Linked by Thom Holwerda on Fri 20th Aug 2010 21:40 UTC, submitted by koki
BeOS & Derivatives This summer, too, the Haikuproject is part of the Google Summer of Code event. One of the more interesting projects is the Services Kit (draft document!) by Christophe "Shusui" Huriaux, which is an API to facilitate the creation of native web-enabled programs using standard web protocols and data exchange mechanisms.
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RE[4]: Strain
by Valhalla on Sun 22nd Aug 2010 13:42 UTC in reply to "RE[3]: Strain"
Valhalla
Member since:
2006-01-24


I, too, find Haiku hideously ugly, but as I said, I really like the underlying technology. I do wish the devs luck with the project and I hope to see Haiku going strong for years to come.

Well, I can't say I find it hideously ugly, but I can't say I find it particularly visually pleasing either. That said, I doubt that this has been any kind of priority with the development team apart from Stippi adding some gradients and a nice set of svg icons. I'd wager that once Haiku get's 3d acceleration (through Gallium most likely) we will see more entusiasm/effort going in to modernizing the look of the gui. Also there are the aforementioned decorators which allows third parties to customize the GUI and thus allowing for 'themes' to be made. As for the menu system, sure it may take nesting to the extreme, but seriously who launches their apps from the menu other than in extreme cases these days? I use shortcuts/launch icons for practically all the non cli apps I use and I doubt I am the exception. Currently the focus is on providing a stable, capable and performing system, once that is in place then making a better looking gui will be a piece of cake in my opinion ;)

Reply Parent Score: 2

RE[5]: Strain
by WereCatf on Sun 22nd Aug 2010 14:59 in reply to "RE[4]: Strain"
WereCatf Member since:
2006-02-15

As for the menu system, sure it may take nesting to the extreme, but seriously who launches their apps from the menu other than in extreme cases these days? I use shortcuts/launch icons for practically all the non cli apps I use and I doubt I am the exception.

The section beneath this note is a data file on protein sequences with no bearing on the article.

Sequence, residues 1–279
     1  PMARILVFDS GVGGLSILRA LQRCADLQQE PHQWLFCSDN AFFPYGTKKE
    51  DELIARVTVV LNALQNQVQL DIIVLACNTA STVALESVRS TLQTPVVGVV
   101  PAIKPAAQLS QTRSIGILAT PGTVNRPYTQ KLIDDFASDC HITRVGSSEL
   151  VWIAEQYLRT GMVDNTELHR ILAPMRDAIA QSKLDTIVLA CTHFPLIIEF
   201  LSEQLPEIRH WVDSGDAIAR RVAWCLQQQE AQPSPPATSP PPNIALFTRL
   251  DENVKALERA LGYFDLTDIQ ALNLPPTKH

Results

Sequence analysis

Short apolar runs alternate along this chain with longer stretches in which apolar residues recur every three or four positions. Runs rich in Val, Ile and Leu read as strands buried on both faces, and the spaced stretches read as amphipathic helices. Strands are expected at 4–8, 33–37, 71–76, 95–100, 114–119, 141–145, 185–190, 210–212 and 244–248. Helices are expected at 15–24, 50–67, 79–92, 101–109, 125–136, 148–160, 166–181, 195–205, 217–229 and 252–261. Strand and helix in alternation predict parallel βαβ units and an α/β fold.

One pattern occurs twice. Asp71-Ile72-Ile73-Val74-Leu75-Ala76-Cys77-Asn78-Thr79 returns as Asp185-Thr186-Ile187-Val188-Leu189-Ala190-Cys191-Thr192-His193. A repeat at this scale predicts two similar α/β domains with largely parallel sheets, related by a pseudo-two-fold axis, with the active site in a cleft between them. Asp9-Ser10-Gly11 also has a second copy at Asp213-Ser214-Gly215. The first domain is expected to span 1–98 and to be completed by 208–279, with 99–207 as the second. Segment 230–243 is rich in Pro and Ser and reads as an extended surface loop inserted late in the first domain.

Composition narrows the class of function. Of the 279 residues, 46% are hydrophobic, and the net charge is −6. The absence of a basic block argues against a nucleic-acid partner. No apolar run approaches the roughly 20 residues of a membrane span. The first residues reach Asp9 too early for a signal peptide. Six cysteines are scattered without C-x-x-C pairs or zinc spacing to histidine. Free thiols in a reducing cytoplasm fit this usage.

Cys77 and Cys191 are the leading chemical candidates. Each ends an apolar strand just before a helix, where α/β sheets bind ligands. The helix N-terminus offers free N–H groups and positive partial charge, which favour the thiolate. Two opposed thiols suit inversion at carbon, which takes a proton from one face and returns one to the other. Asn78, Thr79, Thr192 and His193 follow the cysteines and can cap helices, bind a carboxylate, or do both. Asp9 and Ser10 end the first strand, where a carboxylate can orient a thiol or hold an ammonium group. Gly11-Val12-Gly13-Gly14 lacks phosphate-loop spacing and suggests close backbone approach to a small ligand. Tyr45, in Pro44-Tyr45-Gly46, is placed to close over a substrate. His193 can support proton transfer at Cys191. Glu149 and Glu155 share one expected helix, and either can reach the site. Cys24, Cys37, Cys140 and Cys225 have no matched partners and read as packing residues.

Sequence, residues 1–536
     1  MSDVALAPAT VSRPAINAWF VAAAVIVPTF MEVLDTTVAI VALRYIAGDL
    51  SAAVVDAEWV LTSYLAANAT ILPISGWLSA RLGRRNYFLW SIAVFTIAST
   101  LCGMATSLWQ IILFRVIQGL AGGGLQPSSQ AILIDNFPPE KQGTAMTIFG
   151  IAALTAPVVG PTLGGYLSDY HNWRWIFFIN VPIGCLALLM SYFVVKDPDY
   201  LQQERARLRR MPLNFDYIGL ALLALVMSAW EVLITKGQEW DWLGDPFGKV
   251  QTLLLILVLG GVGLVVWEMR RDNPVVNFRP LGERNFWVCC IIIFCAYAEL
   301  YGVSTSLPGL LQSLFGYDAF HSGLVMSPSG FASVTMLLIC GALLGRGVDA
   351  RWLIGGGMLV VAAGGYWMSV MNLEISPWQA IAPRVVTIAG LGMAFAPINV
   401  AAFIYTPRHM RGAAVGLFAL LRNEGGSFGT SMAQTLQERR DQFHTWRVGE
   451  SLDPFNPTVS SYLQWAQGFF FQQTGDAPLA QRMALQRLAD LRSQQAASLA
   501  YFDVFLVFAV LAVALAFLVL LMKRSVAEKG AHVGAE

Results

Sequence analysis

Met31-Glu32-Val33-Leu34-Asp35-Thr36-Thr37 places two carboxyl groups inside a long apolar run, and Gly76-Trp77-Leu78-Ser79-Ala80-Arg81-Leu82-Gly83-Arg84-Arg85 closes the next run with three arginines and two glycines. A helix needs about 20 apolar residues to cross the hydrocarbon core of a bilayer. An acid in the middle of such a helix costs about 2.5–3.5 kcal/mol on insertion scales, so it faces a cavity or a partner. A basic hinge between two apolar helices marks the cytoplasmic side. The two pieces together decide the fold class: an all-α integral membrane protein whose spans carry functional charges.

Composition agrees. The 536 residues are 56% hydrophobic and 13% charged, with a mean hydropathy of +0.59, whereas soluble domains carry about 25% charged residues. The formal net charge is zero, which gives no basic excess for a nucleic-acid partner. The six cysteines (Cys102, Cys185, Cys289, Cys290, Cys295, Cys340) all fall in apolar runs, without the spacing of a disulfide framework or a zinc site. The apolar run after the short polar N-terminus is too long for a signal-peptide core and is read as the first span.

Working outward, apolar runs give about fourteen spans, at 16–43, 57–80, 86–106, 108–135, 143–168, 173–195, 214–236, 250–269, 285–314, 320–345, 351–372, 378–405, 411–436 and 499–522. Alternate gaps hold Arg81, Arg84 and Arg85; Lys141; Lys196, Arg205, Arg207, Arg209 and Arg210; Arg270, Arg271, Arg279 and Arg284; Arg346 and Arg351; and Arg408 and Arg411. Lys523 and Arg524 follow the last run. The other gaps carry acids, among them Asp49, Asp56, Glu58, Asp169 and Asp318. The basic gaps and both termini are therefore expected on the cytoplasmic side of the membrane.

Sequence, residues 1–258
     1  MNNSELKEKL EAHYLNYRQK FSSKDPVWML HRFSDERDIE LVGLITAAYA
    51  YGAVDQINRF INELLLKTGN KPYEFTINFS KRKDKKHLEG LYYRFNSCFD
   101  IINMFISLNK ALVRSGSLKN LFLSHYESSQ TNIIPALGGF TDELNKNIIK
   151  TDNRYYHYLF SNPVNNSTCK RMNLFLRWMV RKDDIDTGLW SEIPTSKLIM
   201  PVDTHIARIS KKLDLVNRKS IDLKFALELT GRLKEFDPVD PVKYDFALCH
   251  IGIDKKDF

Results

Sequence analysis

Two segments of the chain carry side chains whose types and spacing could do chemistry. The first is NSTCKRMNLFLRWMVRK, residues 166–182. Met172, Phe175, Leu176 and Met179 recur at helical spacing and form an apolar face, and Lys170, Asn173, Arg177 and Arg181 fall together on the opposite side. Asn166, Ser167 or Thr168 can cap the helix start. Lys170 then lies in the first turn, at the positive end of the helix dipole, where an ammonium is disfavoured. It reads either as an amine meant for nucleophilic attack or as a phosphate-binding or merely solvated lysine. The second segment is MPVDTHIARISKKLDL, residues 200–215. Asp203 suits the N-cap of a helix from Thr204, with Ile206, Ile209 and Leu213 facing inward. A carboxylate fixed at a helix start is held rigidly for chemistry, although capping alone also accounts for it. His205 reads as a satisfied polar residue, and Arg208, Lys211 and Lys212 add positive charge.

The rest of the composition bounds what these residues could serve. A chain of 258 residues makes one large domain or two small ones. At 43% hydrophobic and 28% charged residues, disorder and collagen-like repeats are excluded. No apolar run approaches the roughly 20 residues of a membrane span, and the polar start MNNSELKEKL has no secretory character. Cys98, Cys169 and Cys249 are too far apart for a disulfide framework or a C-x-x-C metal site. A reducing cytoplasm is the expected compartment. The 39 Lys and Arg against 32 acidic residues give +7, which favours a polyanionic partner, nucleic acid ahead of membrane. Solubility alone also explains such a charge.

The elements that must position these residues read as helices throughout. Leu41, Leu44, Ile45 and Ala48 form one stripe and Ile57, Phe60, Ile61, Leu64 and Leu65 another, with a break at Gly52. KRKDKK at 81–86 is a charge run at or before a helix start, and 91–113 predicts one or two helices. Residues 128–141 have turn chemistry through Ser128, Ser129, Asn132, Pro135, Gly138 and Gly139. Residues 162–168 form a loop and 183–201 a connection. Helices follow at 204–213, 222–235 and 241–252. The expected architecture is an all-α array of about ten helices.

Truth be told, having the ability of using icons on the desktop is a really poor excuse for having a messed-up menu. First of all, if you happen to use lots of different applications and occasional gaming you'll end up with horribly cluttered desktop. Secondly, it still makes those cases where you have to dig in to menu any better.

Reply Parent Score: 2

RE[6]: Strain
by Valhalla on Sun 22nd Aug 2010 16:04 in reply to "RE[5]: Strain"
Valhalla Member since:
2006-01-24


Truth be told, having the ability of using icons on the desktop is a really poor excuse for having a messed-up menu. First of all, if you happen to use lots of different applications and occasional gaming you'll end up with horribly cluttered desktop. Secondly, it still makes those cases where you have to dig in to menu any better.


But is it so bad? I mean for things like applications/preferences (which is what you will most likely launch) it's not a hell of alot of menu nesting is it? Certainly no more than launching applications from the windows start menu unless I am mistaken?

Reply Parent Score: 2

RE[6]: Strain
by axeld on Wed 25th Aug 2010 11:57 in reply to "RE[5]: Strain"
axeld Member since:
2005-07-07

I always wonder about comments like this about the right click navigation: it's an additional feature, it doesn't replace the other and usual means to reach your data or applications.

It's completely okay to dislike it, as no one forces you to use it. Just stay with what you know, other people happen to find this little feature exceptionally helpful at times.

Reply Parent Score: 1

RE[5]: Strain
by bogomipz on Tue 24th Aug 2010 17:27 in reply to "RE[4]: Strain"
bogomipz Member since:
2005-07-11

apart from Stippi adding some gradients and a nice set of svg icons.


Those are not SVG icons! Stippi didn't just design some of the icons, but also invented a brand new file format. And this was actually a quite important improvement! The HVIF, or Haiku Vector Icon Format, is so compact that the icon usually fits in the file's inode in the file system. This means that the icon data is right there when a directory is to be listed, without first reading the content of separately stored icon files, bringing very welcome speed improvements. Rendering HVIF is also much, much faster than rendering a general purpose vector format, especially SVG which is XML based.

Some details on the format;

http://www.haiku-os.org/articles/2009-09-14_why_haiku_vector_icons_...

Reply Parent Score: 2